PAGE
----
Chicago Public Schools (CPS), the third largest district in the U.S., is collaborating with more than two dozen Chicago-based organizations to end the school-to-prison pipeline by implementing restorative practices.
Ten years of grassroots organizing and practice has raised community awareness and helped demonstrate the effectiveness of restorative justice. Efforts have also led to policy changes, such as the revision of the CPS Student Code of Conduct and the city’s Juvenile Justice Code, which explicitly include restorative justice. Balanced and Restorative Justice, according to the CPS Student Code of Conduct include “ways of thinking about and responding to conflicts and problems by involving all participants to identify what happened, describe how it affected everyone, and find solutions to make things right.”
Now, says Edwin Johnson, a Behavior Health Specialist in the CPS Office of Social & Emotional Learning (OSEL), “We’re focusing on creating a restorative culture.” He says the district is moving beyond responsive restorative justice and striving to instill a broadly proactive approach.
According to OSEL’s Restorative Practices Guidelines, “CPS has adopted the term ‘Restorative Practices’ rather than Restorative Justice to move towards a focus on prevention as well as intervention. ... Using Restorative Practices proactively builds a sense of community through the development of relationships that can result in fewer interventions later.”
Johnson adds, “We want to use restorative language versus what we call ‘alienating language.’ That means asking restorative questions and getting people to use affective statements.”
Preventing a suspension
Chastity Owens, director of social services at Perspectives Charter Schools, which operates five open-enrollment public schools serving 2,300 students in grades 6-12, recently took on a dean role at the High School of Technology employing a restorative approach. When a student entered class loudly and then cursed when confronted, her teacher sent her to Owens. Owens asked the student restorative questions, “What happened?” “Who was affected?” and “What can you do to make things right?” While the student admitted what she’d done, she refused to take responsibility for her actions and said, “I don’t need to apologize. People get cursed out all the time!”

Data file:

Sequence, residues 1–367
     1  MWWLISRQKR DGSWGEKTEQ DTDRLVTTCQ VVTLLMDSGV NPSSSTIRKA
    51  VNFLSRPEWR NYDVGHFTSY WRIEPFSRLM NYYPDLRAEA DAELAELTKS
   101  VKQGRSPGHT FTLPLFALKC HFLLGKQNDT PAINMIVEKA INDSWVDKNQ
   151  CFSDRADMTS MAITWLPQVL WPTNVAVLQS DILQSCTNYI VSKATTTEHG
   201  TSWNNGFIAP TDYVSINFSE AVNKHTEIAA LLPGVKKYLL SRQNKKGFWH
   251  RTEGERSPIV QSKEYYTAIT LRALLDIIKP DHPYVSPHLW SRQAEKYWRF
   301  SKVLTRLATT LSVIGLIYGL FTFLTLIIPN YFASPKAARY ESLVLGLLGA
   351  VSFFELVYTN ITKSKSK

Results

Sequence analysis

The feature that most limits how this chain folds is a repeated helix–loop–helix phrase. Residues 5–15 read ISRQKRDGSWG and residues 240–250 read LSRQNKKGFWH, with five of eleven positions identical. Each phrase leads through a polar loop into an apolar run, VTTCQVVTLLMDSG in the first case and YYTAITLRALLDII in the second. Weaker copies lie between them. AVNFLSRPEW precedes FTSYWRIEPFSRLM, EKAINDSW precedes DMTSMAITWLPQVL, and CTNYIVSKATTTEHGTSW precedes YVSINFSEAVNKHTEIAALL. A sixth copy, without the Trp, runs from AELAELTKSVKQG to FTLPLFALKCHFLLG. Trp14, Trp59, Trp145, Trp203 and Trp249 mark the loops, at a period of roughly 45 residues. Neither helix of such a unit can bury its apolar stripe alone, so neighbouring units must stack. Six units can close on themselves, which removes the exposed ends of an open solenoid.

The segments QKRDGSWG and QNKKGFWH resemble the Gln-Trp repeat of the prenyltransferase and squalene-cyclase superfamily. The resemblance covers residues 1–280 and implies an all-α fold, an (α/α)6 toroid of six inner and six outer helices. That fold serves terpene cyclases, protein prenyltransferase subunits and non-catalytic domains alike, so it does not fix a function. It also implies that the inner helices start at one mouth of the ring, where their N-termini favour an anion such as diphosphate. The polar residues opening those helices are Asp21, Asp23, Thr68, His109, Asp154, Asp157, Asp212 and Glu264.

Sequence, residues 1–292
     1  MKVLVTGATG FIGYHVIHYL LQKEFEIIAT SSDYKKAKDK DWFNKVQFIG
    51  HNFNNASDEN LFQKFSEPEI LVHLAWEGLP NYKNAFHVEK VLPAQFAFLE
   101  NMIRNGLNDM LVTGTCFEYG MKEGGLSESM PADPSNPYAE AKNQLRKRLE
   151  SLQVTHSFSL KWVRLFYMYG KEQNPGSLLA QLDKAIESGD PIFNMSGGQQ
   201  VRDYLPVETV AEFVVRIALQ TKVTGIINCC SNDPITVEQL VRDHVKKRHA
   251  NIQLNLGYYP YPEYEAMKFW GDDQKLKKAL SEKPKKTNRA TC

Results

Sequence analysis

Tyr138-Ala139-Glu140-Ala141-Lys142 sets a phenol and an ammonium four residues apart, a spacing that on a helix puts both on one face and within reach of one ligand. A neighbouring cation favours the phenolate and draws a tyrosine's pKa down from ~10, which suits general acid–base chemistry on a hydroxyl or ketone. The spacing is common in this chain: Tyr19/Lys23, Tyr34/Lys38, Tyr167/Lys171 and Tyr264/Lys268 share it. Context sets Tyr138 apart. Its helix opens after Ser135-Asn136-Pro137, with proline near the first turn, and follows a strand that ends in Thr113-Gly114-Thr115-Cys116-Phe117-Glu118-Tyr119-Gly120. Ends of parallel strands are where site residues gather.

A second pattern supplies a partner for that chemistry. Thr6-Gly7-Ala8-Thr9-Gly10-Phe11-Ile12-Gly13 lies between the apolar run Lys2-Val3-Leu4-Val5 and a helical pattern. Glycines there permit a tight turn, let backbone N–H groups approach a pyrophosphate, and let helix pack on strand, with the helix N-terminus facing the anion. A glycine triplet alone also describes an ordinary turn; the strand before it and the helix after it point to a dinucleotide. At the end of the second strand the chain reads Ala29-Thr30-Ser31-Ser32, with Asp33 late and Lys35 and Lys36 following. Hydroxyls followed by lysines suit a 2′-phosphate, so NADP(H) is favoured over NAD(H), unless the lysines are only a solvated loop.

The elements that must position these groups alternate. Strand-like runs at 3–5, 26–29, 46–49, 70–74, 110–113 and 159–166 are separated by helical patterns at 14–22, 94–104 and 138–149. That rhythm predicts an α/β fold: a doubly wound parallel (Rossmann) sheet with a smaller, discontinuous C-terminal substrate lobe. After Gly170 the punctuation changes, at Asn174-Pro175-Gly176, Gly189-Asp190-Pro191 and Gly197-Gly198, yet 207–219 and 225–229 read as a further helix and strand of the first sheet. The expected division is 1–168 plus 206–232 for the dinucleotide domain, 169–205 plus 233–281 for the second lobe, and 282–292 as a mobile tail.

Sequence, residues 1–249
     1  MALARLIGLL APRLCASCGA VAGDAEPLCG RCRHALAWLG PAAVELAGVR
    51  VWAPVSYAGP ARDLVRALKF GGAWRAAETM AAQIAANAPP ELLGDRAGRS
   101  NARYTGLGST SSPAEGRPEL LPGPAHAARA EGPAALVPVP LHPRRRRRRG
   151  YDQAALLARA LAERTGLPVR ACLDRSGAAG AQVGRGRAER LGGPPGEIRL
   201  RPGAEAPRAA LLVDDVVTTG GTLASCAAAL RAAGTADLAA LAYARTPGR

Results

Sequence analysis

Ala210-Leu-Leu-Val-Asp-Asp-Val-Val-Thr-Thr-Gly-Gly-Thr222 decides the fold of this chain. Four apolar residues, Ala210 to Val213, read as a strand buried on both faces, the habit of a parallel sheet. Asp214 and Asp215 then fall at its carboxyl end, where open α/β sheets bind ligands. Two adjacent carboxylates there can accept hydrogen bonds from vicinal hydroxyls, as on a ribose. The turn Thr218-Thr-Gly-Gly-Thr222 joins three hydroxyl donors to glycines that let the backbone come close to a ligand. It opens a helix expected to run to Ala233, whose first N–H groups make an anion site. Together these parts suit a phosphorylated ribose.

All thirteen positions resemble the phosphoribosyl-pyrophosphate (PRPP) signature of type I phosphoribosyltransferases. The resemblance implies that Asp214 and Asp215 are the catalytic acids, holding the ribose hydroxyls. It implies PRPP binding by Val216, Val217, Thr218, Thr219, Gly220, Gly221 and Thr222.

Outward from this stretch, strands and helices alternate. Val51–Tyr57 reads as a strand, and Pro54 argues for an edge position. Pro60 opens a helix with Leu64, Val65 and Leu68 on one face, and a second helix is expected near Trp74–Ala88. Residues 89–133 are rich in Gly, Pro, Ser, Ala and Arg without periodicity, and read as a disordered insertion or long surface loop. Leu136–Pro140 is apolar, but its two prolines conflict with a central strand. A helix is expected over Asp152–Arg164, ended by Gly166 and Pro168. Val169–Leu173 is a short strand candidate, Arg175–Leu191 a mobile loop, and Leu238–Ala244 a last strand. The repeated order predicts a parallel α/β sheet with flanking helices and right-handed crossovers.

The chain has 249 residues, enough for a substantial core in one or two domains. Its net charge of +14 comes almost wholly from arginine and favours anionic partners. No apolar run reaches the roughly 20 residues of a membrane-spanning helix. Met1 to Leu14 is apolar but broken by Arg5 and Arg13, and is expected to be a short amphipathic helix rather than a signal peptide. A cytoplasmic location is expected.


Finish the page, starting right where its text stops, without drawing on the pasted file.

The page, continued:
Owens decided to organize a small, restorative conference the next day with the student, her mother and the teacher. During the conference, the teacher used affective statements, such as “I feel frustrated with you that you were talking while I was trying to teach. I get distracted and lose my train of thought. It makes me feel that the time that I spent preparing is wasted and not appreciated." The girl was more cooperative in her mother’s presence than she had been the day before. She began to understand how her actions affected her mother, who had to take time out of her day to meet with the school. The girl also apologized to both the teacher and to Owens. Owens commented that the conference provided a meaningful resolution and prevented a suspension.
Umoja Student Development Corporation, a nonprofit founded in 1997 with the mission of equipping students to “confidently claim their future.” In 2010 Umoja piloted a whole-school approach incorporating Peace Rooms, now running in six CPS high schools.Ilana Walden is Chief Strategy Officer of
Peace Rooms provide “a space where students, teachers, and other school staff can go as an alternative to traditional punitive discipline measures. Additionally, the Peace Room plays a key role in creating and maintaining a restorative culture in schools by fostering community and connection.” Walden says its model “does not just involve implementing restorative practices but truly partnering with schools to envision a culture and climate where every aspect is based in restorative justice principles and practices.”
The four schools Umoja worked with in 2013-14 reported an 11% decrease in out-of-school suspensions for the year, with one school seeing a 72% decrease in suspensions during its first year of implementation.
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A collaborative spirit
Umoja is just one of a number of organizations that are part of a collaborative called Embrace Restorative Justice in Schools (Embrace) whose goal is to stem violence in schools and communities. The group aims to “end the school-to-prison pipeline in CPS by shifting the culture in the district from punitive to restorative, ultimately to a culture of caring.”